The Heritage Foundation’s John Malcolm recently testified that there are more than 48,000 state and federal “collateral consequences” in the United States. These “hidden costs” of criminal convictions ar exactly what I was talking about when I wrote this on STRIFEBLOG in August:
“You do the best you can, though, because you swore you would and because the outcome of a criminal case – regardless of whether a client goes to prison – frequently inflicts significant consequences on the lives and fortunes of not just your client but also your client’s family. A criminal conviction, the criminal record that follows it, and any collateral consequences from the conviction, e.g., loss of professional license, reduction in amount of VA disability compensation, termination of VA pension payments, deportation, denial of access to public housing and federal student aid, etc., can hurt and even destroy families.”
Collateral Consequences: Protecting Public Safety or Encouraging Recidivism
“Since most ex-offenders—millions of them—at some point will be released from custody and return to our communities, it is important that we do everything we can to encourage them to become productive, law-abiding members of society and that we not put too many impediments, in the form of excessive collateral consequences, in their way that will hinder their efforts.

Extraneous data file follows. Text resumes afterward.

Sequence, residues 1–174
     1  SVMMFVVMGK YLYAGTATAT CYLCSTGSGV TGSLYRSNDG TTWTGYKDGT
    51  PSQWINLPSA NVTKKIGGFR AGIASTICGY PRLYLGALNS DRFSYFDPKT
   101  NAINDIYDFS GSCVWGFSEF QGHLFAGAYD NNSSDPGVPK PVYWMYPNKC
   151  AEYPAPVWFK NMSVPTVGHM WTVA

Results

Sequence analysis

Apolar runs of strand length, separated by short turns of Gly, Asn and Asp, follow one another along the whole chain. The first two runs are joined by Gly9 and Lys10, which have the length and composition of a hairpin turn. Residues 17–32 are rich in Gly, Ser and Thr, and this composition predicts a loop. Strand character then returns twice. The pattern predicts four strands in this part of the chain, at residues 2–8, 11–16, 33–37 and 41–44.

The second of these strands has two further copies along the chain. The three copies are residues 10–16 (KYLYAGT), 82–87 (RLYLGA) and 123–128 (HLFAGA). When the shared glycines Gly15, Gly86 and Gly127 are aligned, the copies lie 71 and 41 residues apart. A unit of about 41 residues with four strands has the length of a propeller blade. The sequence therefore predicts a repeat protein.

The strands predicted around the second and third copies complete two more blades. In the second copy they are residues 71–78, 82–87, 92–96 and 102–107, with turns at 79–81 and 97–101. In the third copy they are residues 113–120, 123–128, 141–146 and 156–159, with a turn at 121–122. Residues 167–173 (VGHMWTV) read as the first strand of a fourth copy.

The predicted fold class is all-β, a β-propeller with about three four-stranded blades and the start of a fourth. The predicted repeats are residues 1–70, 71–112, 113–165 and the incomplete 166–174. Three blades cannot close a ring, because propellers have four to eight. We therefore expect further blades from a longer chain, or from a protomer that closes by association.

“More attention must be paid to this issue to avoid these dangerous and counterproductive results. In a time of intense polarization, this is one of the few issues people can rally around and find common ground. If people are pushed into the corner and denied opportunities for gainful employment and a stable environment for too long, they will have little choice but to recidivate. It is not in anybody’s best interest to relegate the formally incarcerated to a backwater of second-class citizenship status.”
John Malcolm. Vice President, Institute for Constitutional Government, Heritage Foundation.
*TITLE OF POST includes “48,000” in an effort to keep the message clear. Far too many of those 48,000 can shatter a family and thrust moms and dads and kids into homelessness but certainly not all of them.
“PROSE”: “the ordinary language people use in speaking or writing.” – Merriam Webster
Sir Philip Anthony Hopkins, as John Quincy Adams presenting oral argument before the Supreme Court of the United States, in Amistad (1997). This two-and-a-half minute clip reminds us of an oft-forgotten well from which we might draw courage when “there appears no hope at all.”